Improved Waste Management

Staff must take time away from their other responsibilities to properly dispose of medical waste. This not only slows them down but also creates a new window for patients to interrupt their workflow. However, if the number of steps and complications in the waste disposal process is decreased, it will minimise patient interruptions and save time. Moreover, an optimised waste disposal strategy reduces injuries, another common source of wasted time and resources. Simple ways to improve a facility’s waste disposal plan include placing containers at the points of waste generation and ensuring they are the right size and clearly colour-coded for the right variety of waste. 

Wall-mounted bins for sharps or certain other waste types are a practical choice that can be installed right where the usage occurs. For other needs, mobile containers can be wheeled to wherever staff can most benefit from them. Containers designed for hands-free usage are a boon for quick-moving clinicians. They allow staff to immediately trash certain items without having to go far to utilise the waste receptacle. This minimises time spent on disposal and, therefore, time at risk of patient interruptions.

Colour-coding is a step that guarantees all waste can go towards the correct stream for disposal without staff needing to think twice about it. Sharps, biomedical waste, pharmaceuticals, and more require specialised methods of elimination. But that is a worry for a facility’s waste disposal provider, not onsite staff. Members of the staff should be able to tell the proper bin at a glance. 

Partnering with an experienced waste disposal service is the fastest way to spot inefficiencies in a facility’s current strategy and optimise the entire team’s waste disposal duties. Daniels Health has revolutionised the practical aspects of waste disposal for real world applications. Utilising a unique “Four Walls” strategy for recommending improvements to waste strategies, Daniels waste experts evaluate a facility’s existing processes, all the way down to each step staff members take to reach a bin, as well as auditing all waste streams created and how bins are currently used.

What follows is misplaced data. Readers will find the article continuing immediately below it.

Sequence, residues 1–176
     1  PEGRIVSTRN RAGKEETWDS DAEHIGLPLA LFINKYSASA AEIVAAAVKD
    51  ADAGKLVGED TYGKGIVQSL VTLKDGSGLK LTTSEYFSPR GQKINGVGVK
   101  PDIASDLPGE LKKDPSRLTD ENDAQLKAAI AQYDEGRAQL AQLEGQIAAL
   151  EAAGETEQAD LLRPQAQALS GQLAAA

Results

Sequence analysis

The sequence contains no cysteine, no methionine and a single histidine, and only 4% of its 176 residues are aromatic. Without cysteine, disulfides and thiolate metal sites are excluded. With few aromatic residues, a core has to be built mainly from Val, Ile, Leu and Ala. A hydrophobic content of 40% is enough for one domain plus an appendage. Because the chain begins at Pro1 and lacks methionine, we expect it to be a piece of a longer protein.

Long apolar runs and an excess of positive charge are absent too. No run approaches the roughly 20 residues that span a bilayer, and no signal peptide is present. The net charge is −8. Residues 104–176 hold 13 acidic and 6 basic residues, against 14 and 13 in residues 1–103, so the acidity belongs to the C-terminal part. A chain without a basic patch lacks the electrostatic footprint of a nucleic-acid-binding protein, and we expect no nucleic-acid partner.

Based on these data, Daniels creates a comprehensive strategy for improving a facility’s waste strategy. Daniels’ team provides training to staff on proper usage of any new containers, compliance, and more. This one step can save significant time and have a dramatic effect to reduce patient interruptions. Choosing Daniels as a waste disposal partner guarantees that the burden of waste management is minimised for staff.




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Amy Piser

Amy Piser

Clinical Waste Educator

With 26 years experience working in healthcare, Amy has implemented sustainability initiatives for over 100 hospitals across the United States and brings unique practice and compliance expertise to healthcare waste management.